PEOPLE & BUSINESS

Click to follow
The Independent Online
EVERY schoolboy knows that a business wanting to call itself a bank has to get permission from the Bank of England first. So Colin Forsyth, "Governor" of The Sandwich Bank & Crust Company, found himself writing to Eddie George to get the go-ahead for his refreshments firm.

Mr Forsyth, writing from his palatial head office at 16 Market Square, Bicester, Oxfordshire, starts off: "As the fellow Governor of a central bank - moreover, one recently freed from political encumbrance - you will doubtless sympathise with me in my ongoing struggle against the dead hand of bureaucracy....

"In short, it seems that I have to ask clearance from you before I can operate my modest sandwich business under its present banner."

I am happy to say that Steady Eddie granted Mr Forsyth's wish, although the sandwich business will not be allowed to take deposits or trade in derivatives.

Incidentally, Mr Forsyth refers to his satisfied customers as "The Fed". Will Alan Greenspan have to be informed?

The press office at Howard Davies's fledgling Financial Services Authority (FSA) is finally beginning to take shape at Canary Wharf. One spokesman, Peter Parker, has managed to combine his new role with publishing a book this week, In the Shadow of Sharpeville; Apartheid and Criminal Justice.

Mr Parker wrote the book with his wife Joyce Mokhesi-Parker, from whom he is currently separated. Mrs Mokhesi-Parker's brother was one of six people arrested and tried after the Sharpeville riots in South Africa in September 1984, charged with the murder of the Mayor of Sharpeville.

The book, published by Macmillan, is based on letters from the Sharpeville Six, who were sentenced to death and only reprieved 18 hours before they were due to be hanged.

Betty Powell, a former spokeswoman for the SIB, who has been helping out at the FSA press office, said yesterday that they were all very proud of Mr Parker's achievement and had presented him with a bottle of champagne.

Footy-mania is definitely getting out of hand. A City spin doctor was trying to buy a Manchester United tie to present to a business contact this week, and told me yesterday that the club had a three-week waiting list for the dratted things.

Luckily, Soccer Scene of Carnaby Street came up with the goods. Perhaps we need a Secondary Market in Man U paraphernalia.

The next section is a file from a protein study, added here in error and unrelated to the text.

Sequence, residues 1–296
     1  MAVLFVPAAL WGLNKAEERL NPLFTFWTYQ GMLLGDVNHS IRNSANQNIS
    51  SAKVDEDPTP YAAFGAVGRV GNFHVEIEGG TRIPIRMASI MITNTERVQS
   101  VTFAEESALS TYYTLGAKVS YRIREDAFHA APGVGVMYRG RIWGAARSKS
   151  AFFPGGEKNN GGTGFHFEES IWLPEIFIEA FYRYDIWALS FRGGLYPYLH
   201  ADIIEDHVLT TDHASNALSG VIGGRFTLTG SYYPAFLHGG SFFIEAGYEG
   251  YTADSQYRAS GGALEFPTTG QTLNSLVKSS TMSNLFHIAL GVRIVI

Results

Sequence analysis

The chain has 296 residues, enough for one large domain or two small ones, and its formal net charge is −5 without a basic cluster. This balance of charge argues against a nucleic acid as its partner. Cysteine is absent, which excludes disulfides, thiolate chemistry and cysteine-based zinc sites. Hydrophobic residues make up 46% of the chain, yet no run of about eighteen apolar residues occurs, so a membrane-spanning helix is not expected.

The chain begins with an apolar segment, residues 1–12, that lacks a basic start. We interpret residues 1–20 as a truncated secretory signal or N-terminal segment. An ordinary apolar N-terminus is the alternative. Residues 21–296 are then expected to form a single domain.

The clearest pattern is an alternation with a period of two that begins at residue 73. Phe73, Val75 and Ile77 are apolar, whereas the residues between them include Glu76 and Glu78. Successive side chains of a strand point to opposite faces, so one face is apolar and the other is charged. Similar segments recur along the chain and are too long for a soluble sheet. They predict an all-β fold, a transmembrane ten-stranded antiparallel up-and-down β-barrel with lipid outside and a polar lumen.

The latest edition of The Economist has a feature which pokes fun at books about Asia written before the current financial crisis. Books such as The Voice of Asia: Two Leaders Discuss the Coming Century (1995) by Mahathir Mohamad, the Prime Minister of Malaysia, and Shintaro Ishihara, a Japanese nationalist politician, which predicted that the combined GNP of Asia would exceed that of the US and Europe by 2000.

The Economist has fun with such forecasts, now the Asian Tigers have gone phut. Modestly, it does not mention that The Economist's own editor and one-time Japan correspondent, Bill Emmott, has written three books since 1989, all of which managed to cast doubt on the then fashionable image of Japan as an all-conquering threat to western economies.

The last, published in 1993, was titled Japanophobia; The Myths of the Invincible Japan, in which Mr Emmott dismissed the threat of Japan as "an hysterical canard".

BBA Group, the engineering business, has appointed two high-profile non-executive directors, David Rough, a director of Legal & General and Richard Stillwell, executive vice president, industrial specialties at ICI.

Mr Rough has spent a quarter of a century at the centre of the City's fund management community, while there is not much that Mr Stillwell doesn't know about speciality chemicals and international marketing.

Incidentally, how does Vanni Treves find time to be chairman of BBA Group, senior partner of City law firm Macfarlanes, head of Channel Four and chairman of two other companies, as well as adviser to Richard Branson, all at the same time? He tells me on the phone: "It's all down to the art of delegation and mutual support - and I've got three partners here in my office all nodding their heads."

In an effort to show our European partners that British business is ready for the euro, despite the UK not being in the "first wave" of currency harmonisation, the CBI has sent a group of representatives to Brussels via Eurostar. The three-day mission, which embarked yesterday, is led by CBI London chairman Michael Frye and includes London Minister Nick Raynsford.

And to cap it all, the CBI has taken a steel band to play in the main square of Brussels. Should wake up the Eurocrats at the very least.

Simon Weldon has jumped ship from Fidelity International to join Premier Portfolio Managers as the latter's head of institutional sales. Mr Weldon's brief is to develop contacts with discretionary fund managers and independent financial advisers.

Comments